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Prayers of Paul – Receiving Inner Strength – Pt. 6

Now, with great excitement, we are moving on to Paul’s prayer in Ephesians 3. Like the prayer in Ephesians 1, it is a prayer that runs very deep. In fact, that is the focus on today’s little article: going deep; in particular, strengthening what Paul called the “inner man.” The inner man is the seat of our emotions and spiritual life. The potential of the inner man is for great joy or pain.

But first, let’s look at the beginning of the prayer, which should by no means overlooked.

For this reason I bow my knees to the Father of our Lord Jesus Christ, from whom the whole family in heaven and earth is named, that He would grant you, according to the riches of His glory, to be strengthened with might through His Spirit in the inner man.” (Eph 3:14-16)

“For this reason” tells us we need to be aware of what Paul said in the previous verses. Paul laid out how God revealed the mystery of salvation, and how this mystery had been hidden for ages. Paul talked about the unveiling of that beautiful mystery. Knowing God’s mysteries as they relate to us will give us a deep inner strength. And that was the main thrust of Paul’s prayer.

Now, Paul said that this strengthening of the inner man was “according to the riches of His glory.” Talk about a loaded statement. His glory would be enough but it says the “riches” of His glory! Why is this important? What is the glory of God anyway? Let’s take a look at it in the Greek to get a better understanding.

doxa = “opinion, judgment, splendour, brightness.” As we can see the word has a variety of meanings. But I suppose we can say it can mean the “weight” of God Himself. It is the unveiling of the very essence of the living God to us mortals.

One of the first people in the Bible to experience God’s glory was Moses. In fact, his life was marked by the glory. When God first called to Moses it was through a burning bush.

Now Moses kept the flock of Jethro his father in law, the priest of Midian: and he led the flock to the backside of the desert, and came to the mountain of God, even to Horeb. And the angel of the Lord appeared unto him in a flame of fire out of the midst of a bush: and he looked, and, behold, the bush burned with fire, and the bush was not consumed. And Moses said, I will now turn aside, and see this great sight, why the bush is not burnt.” (Exodus 3:1-3)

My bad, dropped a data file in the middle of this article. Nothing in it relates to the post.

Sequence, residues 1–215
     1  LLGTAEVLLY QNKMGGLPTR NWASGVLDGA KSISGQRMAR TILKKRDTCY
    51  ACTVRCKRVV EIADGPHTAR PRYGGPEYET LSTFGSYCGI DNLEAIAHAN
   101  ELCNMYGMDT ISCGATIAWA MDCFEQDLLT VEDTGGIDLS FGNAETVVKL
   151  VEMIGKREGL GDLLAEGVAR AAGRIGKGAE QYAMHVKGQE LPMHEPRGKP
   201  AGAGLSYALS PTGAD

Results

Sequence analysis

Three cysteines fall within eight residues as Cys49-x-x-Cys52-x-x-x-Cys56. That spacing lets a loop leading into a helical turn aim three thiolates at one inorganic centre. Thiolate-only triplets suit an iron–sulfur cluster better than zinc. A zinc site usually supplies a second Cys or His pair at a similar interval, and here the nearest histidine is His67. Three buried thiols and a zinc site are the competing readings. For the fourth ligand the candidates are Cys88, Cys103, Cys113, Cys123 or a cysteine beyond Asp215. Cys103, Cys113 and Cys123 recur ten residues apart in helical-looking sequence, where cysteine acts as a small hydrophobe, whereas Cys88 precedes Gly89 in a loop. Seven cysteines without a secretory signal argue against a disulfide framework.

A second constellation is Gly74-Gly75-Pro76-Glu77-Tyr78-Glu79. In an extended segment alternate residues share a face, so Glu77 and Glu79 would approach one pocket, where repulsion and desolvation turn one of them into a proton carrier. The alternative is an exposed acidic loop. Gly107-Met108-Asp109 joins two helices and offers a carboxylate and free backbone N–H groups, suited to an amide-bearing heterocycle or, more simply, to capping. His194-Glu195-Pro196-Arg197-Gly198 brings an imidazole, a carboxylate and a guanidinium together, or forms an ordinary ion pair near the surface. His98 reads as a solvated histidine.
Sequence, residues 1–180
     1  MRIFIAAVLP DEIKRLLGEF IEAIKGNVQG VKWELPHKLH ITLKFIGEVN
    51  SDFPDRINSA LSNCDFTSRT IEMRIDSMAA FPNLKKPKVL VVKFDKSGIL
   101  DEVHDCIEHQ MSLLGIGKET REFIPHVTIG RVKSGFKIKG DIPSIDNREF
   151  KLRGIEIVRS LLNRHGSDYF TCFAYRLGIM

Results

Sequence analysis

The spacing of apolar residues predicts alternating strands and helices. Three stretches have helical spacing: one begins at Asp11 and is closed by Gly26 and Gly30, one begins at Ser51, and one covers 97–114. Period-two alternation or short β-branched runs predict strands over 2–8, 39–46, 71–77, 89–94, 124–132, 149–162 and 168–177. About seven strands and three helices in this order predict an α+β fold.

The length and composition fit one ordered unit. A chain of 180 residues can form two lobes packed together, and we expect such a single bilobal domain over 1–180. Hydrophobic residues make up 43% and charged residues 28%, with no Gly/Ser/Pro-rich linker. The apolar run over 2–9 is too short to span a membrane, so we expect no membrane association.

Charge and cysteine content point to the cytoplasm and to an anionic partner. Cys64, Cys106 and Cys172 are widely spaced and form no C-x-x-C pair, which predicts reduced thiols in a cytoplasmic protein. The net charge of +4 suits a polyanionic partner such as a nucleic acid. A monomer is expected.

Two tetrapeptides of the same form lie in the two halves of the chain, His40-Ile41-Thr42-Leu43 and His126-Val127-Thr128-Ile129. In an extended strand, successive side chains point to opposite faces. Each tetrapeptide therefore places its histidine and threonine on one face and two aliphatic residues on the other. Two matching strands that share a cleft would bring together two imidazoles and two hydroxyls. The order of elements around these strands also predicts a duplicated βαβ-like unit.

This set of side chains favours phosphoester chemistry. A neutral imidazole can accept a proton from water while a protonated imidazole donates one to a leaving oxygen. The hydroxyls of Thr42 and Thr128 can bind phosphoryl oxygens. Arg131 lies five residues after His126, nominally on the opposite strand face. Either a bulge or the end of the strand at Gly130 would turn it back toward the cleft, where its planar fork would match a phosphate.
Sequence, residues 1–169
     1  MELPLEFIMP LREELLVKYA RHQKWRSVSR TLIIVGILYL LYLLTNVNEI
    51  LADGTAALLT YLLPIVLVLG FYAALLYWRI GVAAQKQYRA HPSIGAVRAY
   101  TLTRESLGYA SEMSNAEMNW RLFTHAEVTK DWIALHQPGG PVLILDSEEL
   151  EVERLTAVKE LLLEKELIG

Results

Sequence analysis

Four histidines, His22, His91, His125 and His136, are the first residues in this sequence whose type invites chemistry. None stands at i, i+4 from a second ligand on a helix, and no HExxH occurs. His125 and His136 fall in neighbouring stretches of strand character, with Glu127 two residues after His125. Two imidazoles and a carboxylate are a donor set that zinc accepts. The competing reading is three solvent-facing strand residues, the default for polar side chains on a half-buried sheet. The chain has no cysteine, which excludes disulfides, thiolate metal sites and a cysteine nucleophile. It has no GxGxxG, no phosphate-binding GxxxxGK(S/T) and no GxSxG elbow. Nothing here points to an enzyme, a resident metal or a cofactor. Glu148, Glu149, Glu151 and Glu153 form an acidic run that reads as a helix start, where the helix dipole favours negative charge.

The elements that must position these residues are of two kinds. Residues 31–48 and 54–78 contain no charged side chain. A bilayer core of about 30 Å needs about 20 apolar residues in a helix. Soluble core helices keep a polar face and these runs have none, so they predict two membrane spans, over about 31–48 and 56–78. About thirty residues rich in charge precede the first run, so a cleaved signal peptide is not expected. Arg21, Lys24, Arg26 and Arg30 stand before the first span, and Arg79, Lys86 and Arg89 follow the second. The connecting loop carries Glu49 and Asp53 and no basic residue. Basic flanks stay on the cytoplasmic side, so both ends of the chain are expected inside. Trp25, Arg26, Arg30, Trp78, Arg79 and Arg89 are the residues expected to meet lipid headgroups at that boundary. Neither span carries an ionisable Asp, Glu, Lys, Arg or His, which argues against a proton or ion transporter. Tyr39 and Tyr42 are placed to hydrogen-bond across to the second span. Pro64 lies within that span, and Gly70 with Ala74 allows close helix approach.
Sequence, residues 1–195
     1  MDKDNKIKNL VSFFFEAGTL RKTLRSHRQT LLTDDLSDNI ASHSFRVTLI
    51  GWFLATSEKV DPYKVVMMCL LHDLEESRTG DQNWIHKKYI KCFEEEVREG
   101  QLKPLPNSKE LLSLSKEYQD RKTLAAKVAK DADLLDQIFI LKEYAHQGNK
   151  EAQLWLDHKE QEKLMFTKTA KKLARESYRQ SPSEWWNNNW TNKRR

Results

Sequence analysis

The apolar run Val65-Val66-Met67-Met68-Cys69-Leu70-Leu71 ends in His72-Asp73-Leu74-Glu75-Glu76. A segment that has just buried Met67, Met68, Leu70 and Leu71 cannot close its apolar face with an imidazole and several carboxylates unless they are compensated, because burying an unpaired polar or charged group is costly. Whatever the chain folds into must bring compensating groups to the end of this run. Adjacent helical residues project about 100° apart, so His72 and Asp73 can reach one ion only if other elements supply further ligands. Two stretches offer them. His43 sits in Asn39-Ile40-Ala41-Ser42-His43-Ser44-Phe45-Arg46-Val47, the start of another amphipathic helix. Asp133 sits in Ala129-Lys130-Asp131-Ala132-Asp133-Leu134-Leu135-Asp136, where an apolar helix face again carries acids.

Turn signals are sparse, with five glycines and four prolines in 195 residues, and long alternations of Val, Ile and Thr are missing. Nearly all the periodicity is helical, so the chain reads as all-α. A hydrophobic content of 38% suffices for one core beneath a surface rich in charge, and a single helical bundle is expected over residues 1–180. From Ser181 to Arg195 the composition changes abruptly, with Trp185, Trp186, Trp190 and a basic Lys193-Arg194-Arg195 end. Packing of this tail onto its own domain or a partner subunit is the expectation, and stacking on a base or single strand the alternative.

Moses experienced God’s glory while receiving the 10 commandments. Moses also asked the Lord “Please, show me Your glory.” (Exodus 33:18) As we know he got his prayer answered. And so will we! If he had the boldness to ask for God’s glory how much more can we?

“…to be strengthened with might through His Spirit in the inner man.”

“To be strengthened” in the Greek is krataioō = “to strengthen, make strong.” It is found in the passive tense, meaning it is something received. This can be likened to the Ephesians 6 passage that says “Finally, my brethren, be strong in the Lord, and in the power of his might.” (6:10) This is not a conjured up strength but a strength received.

One way we receive strength is to wait on the Lord. “But those who wait on the LORD Shall renew their strength; They shall mount up with wings like eagles, They shall run and not be weary, They shall walk and not faint.” (Isa 40:31) Waiting on the Lord, if you will, is like a cellphone being charged. With a dead battery is is useless. It gets plugged in and waits to be charged. It does nothing but waits to be juiced up. The same holds true for us. We must learn to wait on the Lord.

I am reading the book The Hiding Place by Corrie Ten Boom. Her father was a master watchmaker. He could repair almost any watch of his day. Corrie remarked that she often witnessed her dad asking the Lord for a solution to a unique repair problem. He would ask God how the repair should be made and then wait for the answer. So, waiting on the Lord is not a passive activity but rather active listening.

As I mentioned, the Greek word is strengthened krataioō. The root of that word is kratos. It is the word for power that means God’s governmental power. It is derived from a root kra–, “to perfect, to complete:” “creator” is probably connected. Furthermore, it also signifies “dominion.”

This strengthening is with “might.” It is the Greek word dynamis, meaning, “strength power, ability.” It is the explosive, supernatural power of God.

Therefore, according to riches of God’s glory, we are receiving the strength of God’s government. Along with that power comes the explosive, supernatural power of God. In the next article we will find out the purpose and direction of this power. It is leading us to a deep place of intimacy with Christ. It also leads us to knowing for ourselves the depths of His love.

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